published: 26.08.2013, 11:31 | updated: 26.08.2013 13:56:44
Prague - The Czech government does not want to further lower the defence budget and the military spending may even grow if the economy develops well, Prime Minister Jiri Rusnok told a meeting of Czech ambassadors today.
Rusnok, who heads an outgoing interim government, confirmed that the Czech Republic will meet its promise, given to the EU and NATO, not to further reduce the portion of GDP earmarked for defence.
He said the defence expenditures would be going up as the Czech economy is expected to slightly grow.
NATO recommends that its member states spend about 2 percent of their GDP on defence, which the Czech Republic, along with other member states, is not fulfilling. It allocates about 1 percent of GDP to the military.
Outgoing Foreign Minister Jan Kohout said the government is discussing possible further participation of the country in military foreign missions not only within the European Union and NATO but also within the United Nations.
Rusnok said the difficult situation in domestic politics has affected the country´s image abroad.
He said he would like to find additional finances for the budget of the Foreign Affairs Ministry, mostly to cover the costs of reinforced consular services.
Kohout said, first of all, support to foreign trade should improve.
The Industry and Trade Ministry should have its representatives at diplomatic missions, the network of foreign missions should be reinforced and a new exports website should be launched.
The Foreign Ministry and the Czech Technology Agency today signed a cooperation memorandum that is to help Czech innovative firms, among others.
Kohout said he would like to improve visa politics, too.
Rusnok repeatedly said his government wants to be more open to the EU than the previous centre-right government of Petr Necas (Civic Democrats, ODS). The government wants to be a responsible member of the international communities and organisations in which the country has been long participating, he added.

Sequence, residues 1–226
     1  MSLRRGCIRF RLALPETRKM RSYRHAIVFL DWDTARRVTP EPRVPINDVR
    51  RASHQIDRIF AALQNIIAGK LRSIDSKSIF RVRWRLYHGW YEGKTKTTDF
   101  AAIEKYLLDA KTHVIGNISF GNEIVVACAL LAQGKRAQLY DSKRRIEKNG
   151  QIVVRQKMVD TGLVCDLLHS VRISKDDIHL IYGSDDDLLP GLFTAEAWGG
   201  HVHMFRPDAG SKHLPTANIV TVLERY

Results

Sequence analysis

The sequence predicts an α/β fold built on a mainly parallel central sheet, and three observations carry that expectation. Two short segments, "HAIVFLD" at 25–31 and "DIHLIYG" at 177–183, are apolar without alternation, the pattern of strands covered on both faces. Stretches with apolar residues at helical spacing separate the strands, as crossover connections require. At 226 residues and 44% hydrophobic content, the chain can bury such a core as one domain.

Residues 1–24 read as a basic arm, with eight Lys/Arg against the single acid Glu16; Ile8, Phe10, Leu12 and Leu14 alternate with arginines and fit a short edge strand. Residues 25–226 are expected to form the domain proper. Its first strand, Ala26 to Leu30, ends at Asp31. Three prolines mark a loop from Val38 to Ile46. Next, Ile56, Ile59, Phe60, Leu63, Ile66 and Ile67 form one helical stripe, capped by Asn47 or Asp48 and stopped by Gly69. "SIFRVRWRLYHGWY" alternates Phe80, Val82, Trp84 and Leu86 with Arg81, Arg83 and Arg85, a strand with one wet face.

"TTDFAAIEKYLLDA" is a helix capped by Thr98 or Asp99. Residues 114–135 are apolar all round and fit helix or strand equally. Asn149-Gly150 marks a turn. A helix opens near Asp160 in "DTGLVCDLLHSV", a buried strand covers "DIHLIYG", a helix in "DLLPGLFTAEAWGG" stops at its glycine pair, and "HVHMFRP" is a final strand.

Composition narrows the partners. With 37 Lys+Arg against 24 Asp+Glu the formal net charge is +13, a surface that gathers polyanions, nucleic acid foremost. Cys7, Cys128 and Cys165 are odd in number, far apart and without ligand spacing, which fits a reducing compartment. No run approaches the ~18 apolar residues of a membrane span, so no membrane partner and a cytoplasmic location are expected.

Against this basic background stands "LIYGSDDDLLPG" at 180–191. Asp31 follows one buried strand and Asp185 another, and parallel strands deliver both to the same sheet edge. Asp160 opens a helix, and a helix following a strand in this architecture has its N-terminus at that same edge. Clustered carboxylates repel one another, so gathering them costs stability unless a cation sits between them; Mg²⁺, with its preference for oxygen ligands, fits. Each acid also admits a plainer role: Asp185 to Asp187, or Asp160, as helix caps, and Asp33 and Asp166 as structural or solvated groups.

But only a Czech government produced by the autumn elections may decide on the possible joining of the EU fiscal compact, Rusnok said.
Kohout said Czech ambassadors should emphasise the pro-European stance of their country to get rid of the troublemaker image.
Czech ambassadors and other senior diplomats on missions abroad have a meeting in Prague these days. This meeting, regularly held once a year, is to coordinate, decide on priorities and Czech interests and exchange information.
In the past years, a number of Czech foreign missions were being closed in order to save money. Now there is a tendency not to reduce the country´s representation abroad and possibly open new diplomatic offices, for example in Senegal and Burma, to promote Czech economic interests.
Kohout criticised "brutal cuts" that the ministry agreed in the past few years.
He also briefly mentioned the dispute between President Milos Zeman and former foreign minister Karel Schwarzenberg, due to which the naming of new ambassadors was blocked.
Kohout said he wanted to end the untenable situation and pointless uncertainty.
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